Inquisitive Minds Podcast Critical Thinking on History, Religion, Politics and Culture

This last episode on Whitmarsh's Battling the Gods: Atheism in the Ancient World focuses on atheism in the Roman Empire. The rise of Rome brought with it the belief that the Empire's existence was the result of a divine mandate. Some opposing voices were raised against this idea of divine providence. Atheistic arguments circulated through various doxographies written mostly by people opposing non-believers. These texts give us insight into how disbelievers argued somewhat successfully against theistic perspectives. As Rome embraced Christianity, rulers such as Theodosius I (379-395 CE) established that it was now insufficient to simply adopt the right religion; one also needed to adhere to the right theological position on the right religion. Codex Theodosianus goes as far as treating "heresy" (which was now clearly understood as an incorrect theological position) as crime against the state. According to this law, "any crime committed against divine religion is treated as an aggression against everyone".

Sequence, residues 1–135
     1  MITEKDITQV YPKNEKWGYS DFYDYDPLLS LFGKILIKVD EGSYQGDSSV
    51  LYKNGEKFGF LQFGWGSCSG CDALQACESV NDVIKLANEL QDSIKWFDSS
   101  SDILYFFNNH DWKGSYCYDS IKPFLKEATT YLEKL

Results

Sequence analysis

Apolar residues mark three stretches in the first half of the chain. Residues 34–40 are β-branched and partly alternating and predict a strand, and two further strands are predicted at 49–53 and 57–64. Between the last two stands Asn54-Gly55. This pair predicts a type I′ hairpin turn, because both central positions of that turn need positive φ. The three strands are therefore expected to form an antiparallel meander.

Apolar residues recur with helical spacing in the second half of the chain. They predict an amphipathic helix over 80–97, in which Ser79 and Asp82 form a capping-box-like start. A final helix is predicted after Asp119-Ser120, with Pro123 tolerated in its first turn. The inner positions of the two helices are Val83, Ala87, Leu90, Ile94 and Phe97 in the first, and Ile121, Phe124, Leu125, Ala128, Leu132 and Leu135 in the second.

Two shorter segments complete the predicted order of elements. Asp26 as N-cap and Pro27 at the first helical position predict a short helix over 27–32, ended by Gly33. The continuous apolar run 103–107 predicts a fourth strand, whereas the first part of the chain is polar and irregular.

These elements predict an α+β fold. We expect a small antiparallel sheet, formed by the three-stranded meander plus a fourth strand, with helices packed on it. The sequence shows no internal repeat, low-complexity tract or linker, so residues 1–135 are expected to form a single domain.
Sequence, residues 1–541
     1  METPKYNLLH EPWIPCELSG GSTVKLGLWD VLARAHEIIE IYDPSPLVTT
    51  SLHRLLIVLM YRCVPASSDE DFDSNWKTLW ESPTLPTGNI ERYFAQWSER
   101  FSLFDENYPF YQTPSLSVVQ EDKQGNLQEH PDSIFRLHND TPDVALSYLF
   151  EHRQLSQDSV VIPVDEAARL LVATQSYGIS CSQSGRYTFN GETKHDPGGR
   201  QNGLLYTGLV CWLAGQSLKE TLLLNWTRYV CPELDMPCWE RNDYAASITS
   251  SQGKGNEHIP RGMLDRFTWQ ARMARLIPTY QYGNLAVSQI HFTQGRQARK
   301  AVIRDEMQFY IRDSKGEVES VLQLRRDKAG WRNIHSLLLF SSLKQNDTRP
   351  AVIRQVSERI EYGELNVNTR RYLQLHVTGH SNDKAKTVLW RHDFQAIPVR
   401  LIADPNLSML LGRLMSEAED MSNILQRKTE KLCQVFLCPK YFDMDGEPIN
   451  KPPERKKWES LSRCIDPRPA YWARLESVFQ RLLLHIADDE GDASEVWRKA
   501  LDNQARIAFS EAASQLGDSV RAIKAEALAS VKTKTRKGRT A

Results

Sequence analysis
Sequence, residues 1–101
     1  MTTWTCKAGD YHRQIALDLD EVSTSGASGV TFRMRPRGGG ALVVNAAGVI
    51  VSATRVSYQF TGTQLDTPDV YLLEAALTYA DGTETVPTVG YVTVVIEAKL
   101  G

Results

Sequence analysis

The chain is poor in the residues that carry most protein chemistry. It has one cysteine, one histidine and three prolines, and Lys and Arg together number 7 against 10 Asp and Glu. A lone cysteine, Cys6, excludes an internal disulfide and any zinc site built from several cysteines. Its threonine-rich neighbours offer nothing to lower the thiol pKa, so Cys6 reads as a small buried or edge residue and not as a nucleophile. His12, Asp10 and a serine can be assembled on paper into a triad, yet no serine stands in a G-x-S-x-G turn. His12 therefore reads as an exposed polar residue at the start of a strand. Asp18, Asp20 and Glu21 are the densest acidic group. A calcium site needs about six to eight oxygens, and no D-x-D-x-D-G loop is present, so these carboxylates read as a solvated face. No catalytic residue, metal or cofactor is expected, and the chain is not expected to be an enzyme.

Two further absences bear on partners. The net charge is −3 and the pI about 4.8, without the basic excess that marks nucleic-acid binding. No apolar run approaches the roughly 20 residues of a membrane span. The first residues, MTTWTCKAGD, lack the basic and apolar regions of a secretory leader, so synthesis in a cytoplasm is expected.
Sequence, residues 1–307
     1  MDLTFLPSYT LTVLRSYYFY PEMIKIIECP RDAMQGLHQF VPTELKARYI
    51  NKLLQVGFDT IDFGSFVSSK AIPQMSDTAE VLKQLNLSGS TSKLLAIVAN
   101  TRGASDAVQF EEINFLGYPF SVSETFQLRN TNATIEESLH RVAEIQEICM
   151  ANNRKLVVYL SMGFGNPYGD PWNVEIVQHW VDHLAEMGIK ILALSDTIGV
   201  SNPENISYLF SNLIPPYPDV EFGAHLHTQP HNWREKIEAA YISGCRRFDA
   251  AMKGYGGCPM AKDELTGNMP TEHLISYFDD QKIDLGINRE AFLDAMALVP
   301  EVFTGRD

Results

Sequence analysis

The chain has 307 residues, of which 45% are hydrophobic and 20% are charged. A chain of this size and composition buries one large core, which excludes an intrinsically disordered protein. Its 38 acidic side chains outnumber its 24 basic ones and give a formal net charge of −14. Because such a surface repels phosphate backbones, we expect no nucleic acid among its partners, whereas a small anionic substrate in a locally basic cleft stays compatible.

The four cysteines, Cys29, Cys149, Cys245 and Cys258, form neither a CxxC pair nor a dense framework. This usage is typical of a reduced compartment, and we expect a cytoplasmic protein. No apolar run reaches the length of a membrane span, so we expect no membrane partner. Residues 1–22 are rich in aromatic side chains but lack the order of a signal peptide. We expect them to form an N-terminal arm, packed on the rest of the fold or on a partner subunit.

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Many believers think their religion is the ultimate true religion. If people did not believe this to be so, they would probably just convert to another religion. This implies that other religions are wrong. Is there a unique true religion or are all religions true? How can one explain the different beliefs, practices and experiences of various religious traditions in the world? Can religion be understood in terms of culture? What is the role of culture, cognition and embodiment with respect to religion? How is religion to be defined?

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